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How ‘A Plague Tale: Innocence’ Makes Diseased Rats So Terrifying

In most games, rats don’t pose much of a threat. At worst, they’re in the background in gritty urban environments or cheap fodder for guns and spells. With “A Plague Tale: Innocence,” however, they’re a nightmarish manifestation of a deadly disease — and if you’re careful, you can use them to your advantage.

Coming to PC, PlayStation 4, and Xbox One in 2019, “A Plague Tale: Innocence” is an action-adventure game set in 14th century France, a dark time for protagonists Amicia and her little brother Hugo. They lost their parents to the ruthless Inquisition, forcing them to survive on their own. To top it off, five-year-old Hugo is suffering from a strange illness, and ravenous rodents are spreading throughout the country, eager to devour anything that’s in their way.

As the teenage Amicia, you can’t fight or destroy them. You either avoid the rats altogether or redirect their hunger elsewhere.

“A Plague Tale: Innocence” is developer Asobo Studio’s first original project since releasing the racing game “Fuel” in 2009. During an interview with Variety at E3 2018, lead designer Kevin Choteau explained that the team wanted to make an emotional character-focused game, citing “The Last of Us” and “Brothers: A Tale of Two Sons” as major inspirations. They decided to set it in their own backyard of Bordeaux, France, and found that it was fertile ground for the kind of story they wanted to tell.

“We started to look at the history of our region. In the 14th century, there was the Hundred Years’ War in the southwest of France against the English. … At the same time, the Black Plague started to arrive, and it was the end of the Great Inquisition,” said Choteau. “So it was the crossway of everything, the worst parts of humanity. It was the perfect setting to put our children in.”

Despite its historical roots, “A Plague Tale” isn’t meant to be a realistic medieval game. Choteau described it more as a dark fairy tale, one that plays around with supernatural elements. Amicia, for example, can craft items and ammo for her slingshot using her knowledge of alchemical recipes. And the diseased rats represent a different version of the Black Plague, with their exact origins being a key part of the mystery. They act more like zombies: not only because they consume any piece of flesh they see, but also because they travel in swarms.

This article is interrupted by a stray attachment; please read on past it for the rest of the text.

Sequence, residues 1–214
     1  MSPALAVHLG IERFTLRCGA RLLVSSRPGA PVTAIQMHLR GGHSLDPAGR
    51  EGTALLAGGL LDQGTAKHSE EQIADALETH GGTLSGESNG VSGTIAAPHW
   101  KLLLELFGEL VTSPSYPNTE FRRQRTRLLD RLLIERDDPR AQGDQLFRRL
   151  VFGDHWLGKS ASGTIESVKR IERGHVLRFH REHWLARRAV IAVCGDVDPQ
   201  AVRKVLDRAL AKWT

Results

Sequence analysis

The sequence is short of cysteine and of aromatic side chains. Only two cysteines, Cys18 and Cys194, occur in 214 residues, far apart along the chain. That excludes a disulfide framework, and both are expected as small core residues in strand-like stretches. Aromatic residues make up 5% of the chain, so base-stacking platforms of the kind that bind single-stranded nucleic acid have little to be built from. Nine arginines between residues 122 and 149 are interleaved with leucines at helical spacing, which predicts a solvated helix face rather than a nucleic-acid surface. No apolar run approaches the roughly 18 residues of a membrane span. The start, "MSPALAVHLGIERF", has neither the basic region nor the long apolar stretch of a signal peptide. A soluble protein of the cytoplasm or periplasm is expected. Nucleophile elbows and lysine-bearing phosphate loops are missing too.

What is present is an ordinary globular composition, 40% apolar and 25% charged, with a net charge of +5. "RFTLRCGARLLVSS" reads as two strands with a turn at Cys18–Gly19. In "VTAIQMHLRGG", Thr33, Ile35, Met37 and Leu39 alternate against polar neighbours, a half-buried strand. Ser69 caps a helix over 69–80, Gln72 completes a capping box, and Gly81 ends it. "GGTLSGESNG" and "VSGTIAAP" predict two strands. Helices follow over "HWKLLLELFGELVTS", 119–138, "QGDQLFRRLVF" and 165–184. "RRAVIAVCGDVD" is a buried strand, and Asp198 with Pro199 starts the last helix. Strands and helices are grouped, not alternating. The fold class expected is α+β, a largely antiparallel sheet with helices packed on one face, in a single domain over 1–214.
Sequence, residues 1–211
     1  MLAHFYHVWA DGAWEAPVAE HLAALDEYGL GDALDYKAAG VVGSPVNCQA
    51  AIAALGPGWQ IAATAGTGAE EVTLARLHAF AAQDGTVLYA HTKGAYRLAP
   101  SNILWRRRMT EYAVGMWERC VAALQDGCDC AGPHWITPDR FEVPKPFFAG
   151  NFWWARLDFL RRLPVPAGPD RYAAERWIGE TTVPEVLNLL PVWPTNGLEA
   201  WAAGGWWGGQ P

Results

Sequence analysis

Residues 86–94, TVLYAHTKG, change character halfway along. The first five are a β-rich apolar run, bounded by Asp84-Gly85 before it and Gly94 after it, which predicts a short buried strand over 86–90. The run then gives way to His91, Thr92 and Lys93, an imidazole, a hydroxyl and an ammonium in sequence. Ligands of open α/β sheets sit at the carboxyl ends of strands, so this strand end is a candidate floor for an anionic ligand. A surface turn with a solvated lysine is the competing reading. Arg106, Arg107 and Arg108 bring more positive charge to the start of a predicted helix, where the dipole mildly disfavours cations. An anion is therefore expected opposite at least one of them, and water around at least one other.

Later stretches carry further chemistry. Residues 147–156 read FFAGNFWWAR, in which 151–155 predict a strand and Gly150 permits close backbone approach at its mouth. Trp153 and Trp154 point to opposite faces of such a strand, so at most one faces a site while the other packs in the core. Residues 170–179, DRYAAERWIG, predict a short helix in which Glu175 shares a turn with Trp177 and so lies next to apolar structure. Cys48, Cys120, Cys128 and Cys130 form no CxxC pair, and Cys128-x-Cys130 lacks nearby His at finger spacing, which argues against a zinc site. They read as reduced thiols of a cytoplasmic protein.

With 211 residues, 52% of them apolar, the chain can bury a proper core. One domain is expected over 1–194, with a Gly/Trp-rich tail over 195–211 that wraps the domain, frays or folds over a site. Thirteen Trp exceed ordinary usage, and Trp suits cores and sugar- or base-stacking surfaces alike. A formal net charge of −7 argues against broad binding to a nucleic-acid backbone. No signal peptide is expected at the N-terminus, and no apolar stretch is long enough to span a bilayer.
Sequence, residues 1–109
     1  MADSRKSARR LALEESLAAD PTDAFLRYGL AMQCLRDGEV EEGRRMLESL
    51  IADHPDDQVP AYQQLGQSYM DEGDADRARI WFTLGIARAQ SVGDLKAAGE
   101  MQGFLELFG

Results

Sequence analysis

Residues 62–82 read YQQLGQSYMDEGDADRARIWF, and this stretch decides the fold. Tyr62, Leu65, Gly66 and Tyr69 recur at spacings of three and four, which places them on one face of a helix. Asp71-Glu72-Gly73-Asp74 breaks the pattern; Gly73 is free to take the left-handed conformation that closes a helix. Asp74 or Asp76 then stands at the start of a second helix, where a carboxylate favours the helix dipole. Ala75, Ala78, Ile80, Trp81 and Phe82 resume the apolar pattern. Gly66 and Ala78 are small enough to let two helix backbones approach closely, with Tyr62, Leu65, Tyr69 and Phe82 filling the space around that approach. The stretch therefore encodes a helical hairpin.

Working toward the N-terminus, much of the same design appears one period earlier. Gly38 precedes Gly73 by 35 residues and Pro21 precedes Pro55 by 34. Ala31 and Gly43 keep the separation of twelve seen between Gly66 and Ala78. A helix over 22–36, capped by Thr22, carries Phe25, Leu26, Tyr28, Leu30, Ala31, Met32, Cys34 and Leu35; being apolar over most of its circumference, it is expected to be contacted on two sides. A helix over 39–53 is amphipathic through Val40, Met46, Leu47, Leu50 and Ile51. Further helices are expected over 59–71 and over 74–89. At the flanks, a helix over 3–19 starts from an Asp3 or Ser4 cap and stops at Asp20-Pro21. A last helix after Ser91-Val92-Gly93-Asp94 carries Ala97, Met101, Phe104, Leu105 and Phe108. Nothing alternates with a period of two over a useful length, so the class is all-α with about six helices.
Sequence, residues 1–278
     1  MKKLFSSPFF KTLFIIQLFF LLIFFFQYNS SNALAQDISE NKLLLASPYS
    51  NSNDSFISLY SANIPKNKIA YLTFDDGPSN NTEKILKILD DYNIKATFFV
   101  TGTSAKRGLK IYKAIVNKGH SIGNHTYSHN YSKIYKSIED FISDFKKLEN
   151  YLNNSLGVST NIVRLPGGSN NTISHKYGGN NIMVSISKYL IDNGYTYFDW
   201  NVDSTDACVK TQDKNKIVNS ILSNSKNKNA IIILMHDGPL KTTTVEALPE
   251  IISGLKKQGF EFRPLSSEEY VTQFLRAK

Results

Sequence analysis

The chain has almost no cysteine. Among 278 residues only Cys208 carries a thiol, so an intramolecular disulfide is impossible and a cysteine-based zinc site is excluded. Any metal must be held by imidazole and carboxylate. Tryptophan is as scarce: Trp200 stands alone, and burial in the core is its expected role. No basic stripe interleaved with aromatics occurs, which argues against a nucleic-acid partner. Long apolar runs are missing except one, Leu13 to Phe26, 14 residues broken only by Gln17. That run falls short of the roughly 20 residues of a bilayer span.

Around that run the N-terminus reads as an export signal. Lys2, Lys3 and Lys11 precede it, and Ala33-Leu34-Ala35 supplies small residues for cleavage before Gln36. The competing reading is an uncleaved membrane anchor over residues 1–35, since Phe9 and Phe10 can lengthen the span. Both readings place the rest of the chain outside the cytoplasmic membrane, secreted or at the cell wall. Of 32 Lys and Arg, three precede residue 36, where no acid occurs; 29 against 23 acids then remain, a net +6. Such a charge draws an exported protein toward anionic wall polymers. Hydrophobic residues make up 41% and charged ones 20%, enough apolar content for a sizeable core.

Choteau said up to 5,000 rats can be on screen at once, ebbing and flowing like a living tidal wave. The only thing they’re afraid of is fire. They’ll immediately escape to the shadows if they’re near any kind of light source, so you can carve a path through them by carrying a torch or igniting braziers. Alternatively, if you see enemy soldiers around, you can take out their lanterns with your slingshot and watch thousands of rats feast on their newfound treat, picking the bones clean.

But this comes at a cost: If they’re consumed, you won’t be able to scavenge crafting materials from the soldiers’ bodies. Manipulating the rats, and deciding whether to use them against your enemies, will be an ongoing struggle.

“When we were working on the pitch [for the game], we tried other supernatural things, like smoke … . It was not as grounded or as fleshy as the rats. But the rats were technically the most difficult thing [to make],” said Choteau. “We’ve done a lot of R&D and engineering to have those 5,000 rats displayed on the screen at the same time. It always surprises me — even though I designed their behavior and know how they work — to see how natural they can feel, with the throng moving and spreading.”

Between the rats and the soldiers from the Inquisition, Asobo is putting Amicia and Hugo through hell — and that’s the point. Ultimately, “A Plague Tale” is about family, and how those relationships are tested in times of great distress. Their estrangement from one another adds another layer of complexity, as Hugo’s sickness kept him away from his sister and father for most of his life (with the mother taking care of him).

“They’re on the road, they don’t know anything [about what’s going on], they don’t know each other … and now they’re facing this world that seems to be so much more brutal than anything they’ve ever seen,” said Choteau.

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